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September 20, 1999

PREPARING FOR NEAR TERM SURPRISES

The size of the 1999 U.S. corn and soybean crops continues to be a topic of debate. Differences of opinions are influenced, at least in part, by the discrepancy between yield models based on crop condition ratings and USDA yield estimates for some individual states. Those states with crop ratings suggesting lower yields than estimated by USDA include those for which the USDA makes objective yield estimates. Given the subjective nature of crop condition ratings, the USDA methodology should be superior to the crop condition models. In addition, early yield reports tend to be in the "better than expected" category. A few analysts even think the crop estimates might increase. The USDA will release revised estimates on October 8. Given the generally early maturity of this year’s crops, the October estimates should be close to final production numbers.

As mentioned last week, the USDA will release a quarterly Grain Stocks report on September 30. For corn and soybeans, September 1 stocks represent marketing year ending stocks. Corn stocks are projected at 1.699 billion bushels and soybean stocks are projected at 365 million bushels. The September report is always important for corn because domestic feed and residual use is not measured so that quarterly use in that category is revealed with the stocks report. Use significantly different than expected can result in a surprise in the report.

For soybeans, use is measured on a continuous basis, except for the seed, feed, and residual category. That typically is a fairly constant amount from year to year, accounting for 5 to 6 percent of total use. Previous stocks reports this year have revealed a large residual use of soybeans. The USDA currently carries a residual use projection for the 1998-99 marketing year of 112 million bushels, 40 million larger than residual use of the previous year. On the surface, the larger residual use suggests that the 1998 crop was overestimated. In the past, however, the September report has occasionally "found" some soybeans under similar circumstances.

With the potential for price reaction to any surprises in the upcoming reports, producers may need to consider some pre-report strategies. Those strategies will be influenced by the level of market price in relation to the Commodity Credit Corporation (CCC) loan rate; harvest progress; and previous pricing, storage, and marketing loan decisions.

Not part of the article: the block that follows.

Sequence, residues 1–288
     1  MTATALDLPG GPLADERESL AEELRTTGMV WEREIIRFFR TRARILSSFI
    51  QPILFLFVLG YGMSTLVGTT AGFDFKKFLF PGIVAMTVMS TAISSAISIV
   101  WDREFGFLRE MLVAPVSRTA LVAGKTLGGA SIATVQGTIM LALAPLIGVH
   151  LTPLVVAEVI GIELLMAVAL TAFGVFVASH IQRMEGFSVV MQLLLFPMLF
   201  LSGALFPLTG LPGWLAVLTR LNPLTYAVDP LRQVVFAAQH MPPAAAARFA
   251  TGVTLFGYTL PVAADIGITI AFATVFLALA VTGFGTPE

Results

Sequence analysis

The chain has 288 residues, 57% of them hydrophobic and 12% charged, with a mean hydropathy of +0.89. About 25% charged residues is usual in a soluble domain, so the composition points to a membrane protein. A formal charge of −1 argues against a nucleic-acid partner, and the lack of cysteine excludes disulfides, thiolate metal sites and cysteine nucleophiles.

Assuming that corn and soybean prices remain below the loan rate, producers may not need to make any decisions for crops which have not been priced and have either not been harvested or are in storage without a loan deficiency payment being established. For those crops, a change in price would be offset by a nearly equal but opposite change in the marketing loan gain or loan deficiency payment.

Crops at risk include those that have been priced and a loan deficiency payment not established (perhaps because the crop has not been harvested) and those for which a loan deficiency payment has been established, but have not been priced. After last year’s experience, there may not be much of the crop in this category. In the first case, the risk is that prices will move higher, eroding the marketing loan gain or loan deficiency payment. Producers can manage some of that risk by establishing the marketing loan gain now, if the crop is harvested, or with the purchase of call options. In the second case, the risk is that prices will move lower, perhaps resulting in a net price below the CCC loan rate. That risk can be managed by pricing the crop now, or with the purchase of put options. Price movement, however, would have to be relatively large to justify the use of options in either of these situations.

For the crops which have already been priced and either a marketing loan gain or loan deficiency payment established, future risk centers around prices moving higher. This, of course, is always the case after a pricing decision has been made. There may be a price level low enough to encourage some re-ownership of those sales.

Some of these tools may also be used to manage longer term price risk. Current fundamentals do not point to a significant price increase, but that could change.

Issued by Darrel Good
Extension Economist
University of Illinois

  

Department of Agricultural and Consumer Economics    College of Agricultural, Consumer and Environmental Sciences
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